“The judiciary is the safeguard of our liberty and of our property under the Constitution,” said U.S. Supreme Court Justice Charles Evans Hughes in Elimra, New York in 1907.
That quote exemplifies the reason that five irrigation districts on tributaries to the San Joaquin River as well as the city of San Francisco filed lawsuits recently against the State Water Resources Control Board. They are defending their water rights.
In December, ahead of the Water Board hearing, Governor Brown and Governor-elect Newsom both asked the Water Board to hold off and let the districts, the State, and the federal government finalize the voluntary agreements. But that didn’t happen and the problem is now in Governor Newsom’s lap as his Water Board will likely have to turn its attention to defending its decision in court.
“We file suit not because we prefer conflict over collaboration. On the contrary, we continue to encourage and participate in settlement discussions on our rivers, and support science on the Stanislaus. But we also have an indisputable responsibility to reserve our legal rights and protect our ag and urban customers,” said Peter Rietkerk, General Manager of the South San Joaquin Irrigation District (SSJID).
Unfortunately, sometimes, the courts are your only recourse.
The State Water Board’s decision on December 12, 2018 doubles the amount of water the State will take away from farms growing food, the parks and sporting fields where our children play, and even the water we drink from our taps at home and bubbling out of drinking fountains at schools. And if flow requirements can be imposed on the San Joaquin River they can be imposed anywhere.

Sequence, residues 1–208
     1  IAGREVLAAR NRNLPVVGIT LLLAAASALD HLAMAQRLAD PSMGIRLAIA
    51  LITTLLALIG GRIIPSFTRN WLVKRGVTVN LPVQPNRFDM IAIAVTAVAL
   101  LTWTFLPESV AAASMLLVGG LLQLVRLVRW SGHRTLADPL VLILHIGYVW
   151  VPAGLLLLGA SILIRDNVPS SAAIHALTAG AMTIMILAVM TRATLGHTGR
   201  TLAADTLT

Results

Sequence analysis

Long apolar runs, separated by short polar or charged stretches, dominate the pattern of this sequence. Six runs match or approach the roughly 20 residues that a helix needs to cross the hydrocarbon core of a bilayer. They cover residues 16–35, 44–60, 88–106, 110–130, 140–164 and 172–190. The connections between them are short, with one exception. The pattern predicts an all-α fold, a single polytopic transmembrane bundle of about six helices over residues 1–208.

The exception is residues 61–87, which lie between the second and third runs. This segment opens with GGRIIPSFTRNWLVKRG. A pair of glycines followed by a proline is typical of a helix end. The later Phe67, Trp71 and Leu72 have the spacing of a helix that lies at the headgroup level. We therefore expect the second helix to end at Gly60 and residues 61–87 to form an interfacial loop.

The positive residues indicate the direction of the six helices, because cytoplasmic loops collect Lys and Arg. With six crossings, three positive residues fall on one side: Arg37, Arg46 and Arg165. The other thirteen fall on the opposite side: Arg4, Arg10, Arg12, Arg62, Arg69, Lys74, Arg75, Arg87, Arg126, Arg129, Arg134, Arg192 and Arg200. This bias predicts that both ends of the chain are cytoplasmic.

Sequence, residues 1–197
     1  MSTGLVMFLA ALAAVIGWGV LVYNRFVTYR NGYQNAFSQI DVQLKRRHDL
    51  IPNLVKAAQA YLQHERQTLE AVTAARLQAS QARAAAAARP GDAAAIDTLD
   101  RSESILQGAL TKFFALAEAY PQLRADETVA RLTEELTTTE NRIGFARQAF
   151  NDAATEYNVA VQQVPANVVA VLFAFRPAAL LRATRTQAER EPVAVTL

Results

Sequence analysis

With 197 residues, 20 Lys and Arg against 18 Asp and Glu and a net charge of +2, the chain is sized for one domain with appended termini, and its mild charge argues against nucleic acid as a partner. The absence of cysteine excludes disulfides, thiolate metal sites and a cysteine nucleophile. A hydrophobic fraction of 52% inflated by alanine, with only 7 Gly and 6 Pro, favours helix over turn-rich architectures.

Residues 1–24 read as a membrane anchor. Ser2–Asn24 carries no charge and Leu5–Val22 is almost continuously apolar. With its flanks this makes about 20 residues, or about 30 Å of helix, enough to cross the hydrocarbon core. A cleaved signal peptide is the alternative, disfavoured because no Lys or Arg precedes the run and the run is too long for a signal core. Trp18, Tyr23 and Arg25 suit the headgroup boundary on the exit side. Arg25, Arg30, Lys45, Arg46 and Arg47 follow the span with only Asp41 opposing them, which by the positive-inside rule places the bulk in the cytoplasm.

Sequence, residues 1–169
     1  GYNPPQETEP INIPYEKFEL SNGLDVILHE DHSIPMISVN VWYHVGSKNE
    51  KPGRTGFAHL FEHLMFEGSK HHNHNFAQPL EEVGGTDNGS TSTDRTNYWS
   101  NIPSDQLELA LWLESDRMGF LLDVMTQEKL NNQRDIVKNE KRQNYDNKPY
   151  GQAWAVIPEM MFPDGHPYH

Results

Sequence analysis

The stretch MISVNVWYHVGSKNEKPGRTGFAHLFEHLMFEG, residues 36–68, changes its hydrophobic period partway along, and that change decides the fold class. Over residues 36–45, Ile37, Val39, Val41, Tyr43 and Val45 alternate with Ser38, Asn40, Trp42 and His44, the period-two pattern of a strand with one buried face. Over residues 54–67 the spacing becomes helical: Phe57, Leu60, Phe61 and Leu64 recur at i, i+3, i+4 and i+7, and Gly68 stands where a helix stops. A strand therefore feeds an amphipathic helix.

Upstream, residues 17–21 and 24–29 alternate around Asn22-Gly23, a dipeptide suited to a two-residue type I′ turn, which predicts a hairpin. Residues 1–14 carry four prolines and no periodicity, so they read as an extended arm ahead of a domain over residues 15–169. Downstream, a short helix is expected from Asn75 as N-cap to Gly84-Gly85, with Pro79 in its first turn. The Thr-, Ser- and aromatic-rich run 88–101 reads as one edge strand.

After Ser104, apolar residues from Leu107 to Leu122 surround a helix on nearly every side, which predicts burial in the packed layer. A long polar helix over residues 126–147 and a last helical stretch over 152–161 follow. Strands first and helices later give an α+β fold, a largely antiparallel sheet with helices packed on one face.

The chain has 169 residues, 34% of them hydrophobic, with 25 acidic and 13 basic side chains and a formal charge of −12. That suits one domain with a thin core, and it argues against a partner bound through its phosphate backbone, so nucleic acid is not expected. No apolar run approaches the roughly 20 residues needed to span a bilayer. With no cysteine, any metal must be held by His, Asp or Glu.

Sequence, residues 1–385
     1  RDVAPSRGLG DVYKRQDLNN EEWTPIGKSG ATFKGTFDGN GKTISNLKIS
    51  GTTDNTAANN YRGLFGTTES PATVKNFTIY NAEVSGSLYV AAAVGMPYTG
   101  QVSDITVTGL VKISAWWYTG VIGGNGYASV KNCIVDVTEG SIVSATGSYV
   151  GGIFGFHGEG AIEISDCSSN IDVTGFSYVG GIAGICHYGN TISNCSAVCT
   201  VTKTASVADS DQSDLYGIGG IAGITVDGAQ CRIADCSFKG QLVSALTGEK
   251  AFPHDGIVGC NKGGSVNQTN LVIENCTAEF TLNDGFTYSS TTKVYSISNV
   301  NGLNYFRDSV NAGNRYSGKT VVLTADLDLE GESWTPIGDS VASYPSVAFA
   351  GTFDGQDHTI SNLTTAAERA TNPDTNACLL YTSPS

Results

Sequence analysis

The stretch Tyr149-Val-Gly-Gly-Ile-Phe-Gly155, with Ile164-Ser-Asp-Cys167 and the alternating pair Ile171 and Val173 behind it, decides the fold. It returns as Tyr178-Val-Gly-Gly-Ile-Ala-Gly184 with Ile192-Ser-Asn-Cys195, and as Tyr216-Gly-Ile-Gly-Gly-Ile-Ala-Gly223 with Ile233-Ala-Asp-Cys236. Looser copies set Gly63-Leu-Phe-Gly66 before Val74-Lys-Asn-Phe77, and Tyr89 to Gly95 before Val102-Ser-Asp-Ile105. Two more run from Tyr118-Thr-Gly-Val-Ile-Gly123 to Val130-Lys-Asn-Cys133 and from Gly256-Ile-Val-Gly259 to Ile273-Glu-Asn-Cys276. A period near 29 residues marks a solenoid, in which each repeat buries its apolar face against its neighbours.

The sad thing is there was an alternative available, but the Board has so far rejected it. Farmers in the San Joaquin and Sacramento valleys, irrigation districts, the Department of Water Resources, Department of Fish and Wildlife and the Bureau of Reclamation, worked collaboratively at the behest of both Governors Brown and Newsom, to propose a voluntary plan designed to quickly accomplish more for fish and the environment without the drastic harm water users expect from the water cuts.
Under these proposals farms and cities would still give up billions of gallons of water to the river during times that science tells us that it’s needed, as well as implement projects that improve habitat for fish, reduce predators and enhance ecosystems far beyond what the Board’s water-only plan could achieve. The voluntary proposals, expected to produce more salmon than the plan adopted by the State Water Board with less harm to the economy, would have been a win for all – farms, fish and folks.
“Our voluntary agreement will ensure water security and reliability, includes environmental improvements, enhances fish populations far beyond what is projected in the state’s current plan and most importantly, guarantees timely implementation,” said Modesto Irrigation District Board Vice President John Mensinger. “Their (the Board’s) plan threatens not only Central Valley ag and urban water users, but also the water supply of more than two million people living in the Bay Area.”
There is still an opportunity for the Water Board to adopt a voluntary path toward ecosystem restoration and faster solutions to restore dwindling salmon populations. The question is, will they do it or will former Supreme Court Justice Charles Evans Hughes words be put to the test again?